Tech and Innovation are Essential to America’s Small Business Success
By Karen Kerrigan, President & CEO, Small Business & Entrepreneurship Council
National Small Business Week is a time to celebrate and recognize the outsized role small businesses, their owners, and their employees play in America’s success.
In every community across our country, small businesses make a vital difference. First, they are engines of economic growth. In fact, America’s 32.5 million small businesses collectively employ 61.2 million people – nearly half of the U.S. private workforce – and provide meaningful wages, benefits, and economic opportunities to local citizens. Second, these businesses and their owners are a key part of the social and cultural fabric of our communities, sponsoring youth sports teams, filling volunteer shifts, and serving as leaders of various civic organizations.
So, when the pandemic threatened the solvency and viability of many of these businesses over the past two years, their owners and workers turned to what they know and do best: they innovated. Some completely shifted their business lines to meet new market needs. Others doubled down on their core offerings and found alternative ways to put these into the hands of their customers. Other businesses moved into hybrid modes. But at every step, these businesses tapped into the powerful digital platform tools built by America’s technology companies.
E-commerce platforms allowed small businesses to continue to make and fulfill sales and to purchase inventory, even if no one was physically at their brick-and-mortar location. Video and home office connectivity tools allowed workers to continue earning critical paychecks while working remotely. Social media and digital advertising not only allowed businesses to reach existing customers, but also opened up whole new markets and customer segments who were simultaneously turning heavily to the internet as they were stuck at home. Powerful search tools helped businesses navigate supply chain challenges to meet customers’ needs.
Here’s the bottom line: the ability to utilize technology and innovative tools was, for many of these businesses, the difference between staying in business or abandoning their dreams. In fact, a recent survey conducted by our organization, the Small Business & Entrepreneurship Council, found that nearly two-thirds of small businesses leveraged online platforms to support their business during COVID-19, with some saying the transformation to the digital economy actually helped their business to grow.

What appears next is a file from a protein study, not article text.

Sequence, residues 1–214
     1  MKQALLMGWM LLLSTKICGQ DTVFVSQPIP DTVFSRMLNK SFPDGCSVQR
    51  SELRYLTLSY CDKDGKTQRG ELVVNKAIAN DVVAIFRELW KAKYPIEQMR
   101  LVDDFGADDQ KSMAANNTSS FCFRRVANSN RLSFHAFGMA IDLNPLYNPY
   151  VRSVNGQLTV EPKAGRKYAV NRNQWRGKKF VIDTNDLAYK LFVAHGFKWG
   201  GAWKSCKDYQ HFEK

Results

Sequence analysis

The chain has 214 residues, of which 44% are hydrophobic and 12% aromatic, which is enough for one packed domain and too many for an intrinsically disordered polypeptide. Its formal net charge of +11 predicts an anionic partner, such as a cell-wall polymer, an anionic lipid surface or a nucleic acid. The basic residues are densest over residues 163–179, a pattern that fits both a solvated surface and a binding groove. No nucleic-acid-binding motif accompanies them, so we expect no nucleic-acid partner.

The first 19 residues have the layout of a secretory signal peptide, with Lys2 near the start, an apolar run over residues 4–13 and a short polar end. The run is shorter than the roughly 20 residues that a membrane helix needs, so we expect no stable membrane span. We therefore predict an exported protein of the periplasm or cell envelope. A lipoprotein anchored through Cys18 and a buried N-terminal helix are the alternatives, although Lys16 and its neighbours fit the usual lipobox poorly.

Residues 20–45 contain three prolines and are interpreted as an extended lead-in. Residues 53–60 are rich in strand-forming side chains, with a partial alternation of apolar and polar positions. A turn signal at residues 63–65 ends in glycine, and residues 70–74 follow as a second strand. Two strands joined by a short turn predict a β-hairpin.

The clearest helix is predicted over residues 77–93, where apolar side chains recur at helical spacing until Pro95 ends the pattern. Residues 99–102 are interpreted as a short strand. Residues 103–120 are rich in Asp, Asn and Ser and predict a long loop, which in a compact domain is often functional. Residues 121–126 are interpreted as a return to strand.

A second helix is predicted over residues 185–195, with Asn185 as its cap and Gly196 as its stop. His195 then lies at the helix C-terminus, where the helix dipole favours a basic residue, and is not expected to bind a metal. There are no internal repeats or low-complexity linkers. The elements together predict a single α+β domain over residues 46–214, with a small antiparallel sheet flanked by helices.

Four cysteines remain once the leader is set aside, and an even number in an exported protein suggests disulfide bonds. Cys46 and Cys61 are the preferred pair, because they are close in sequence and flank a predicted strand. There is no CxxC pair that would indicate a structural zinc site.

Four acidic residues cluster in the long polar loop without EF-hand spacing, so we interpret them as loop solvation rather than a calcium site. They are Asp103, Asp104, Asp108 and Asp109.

How important was technology to business success during the pandemic? Despite COVID’s hardships, a record number of small business applications – 5.4 million – were filed in 2021. And 89 percent of the small businesses surveyed said that access to social media tools and online platforms played a major factor in individuals launching their businesses. Tech tools are an essential ingredient of small business success.
Yet as we begin to move beyond the pandemic, Congress is considering a series of anti-innovation bills that would take aim at the very heart of the technology platforms that helped countless small businesses survive. Collectively, these bills could break up America’s tech companies, restrict lines of business they could participate in, prohibit merger activity, and eliminate – or make more costly – critical digital services. While severely hamstringing U.S. tech companies, few of these bills’ restrictions would apply to China’s tech companies, handing them an advantage for decades to come and making us more dependent on foreign technology.
Higher costs, fewer digital tools and services, and a greater dependency on technology from China is the very last thing America and its small businesses need, especially when we are facing the highest inflation in 40 years. In fact, more than half of small business owners are concerned that Congress’ misguided policies will hurt their businesses by increasing costs and limiting access to tools they use every day.
Instead of trying to dismantle digital tools that are so essential to small businesses, Congress needs to support legislation that expands innovation, reduces critical supply chain gaps, and allows small businesses to better compete, survive, and thrive. The stronger we make our small business sector, the stronger America will be.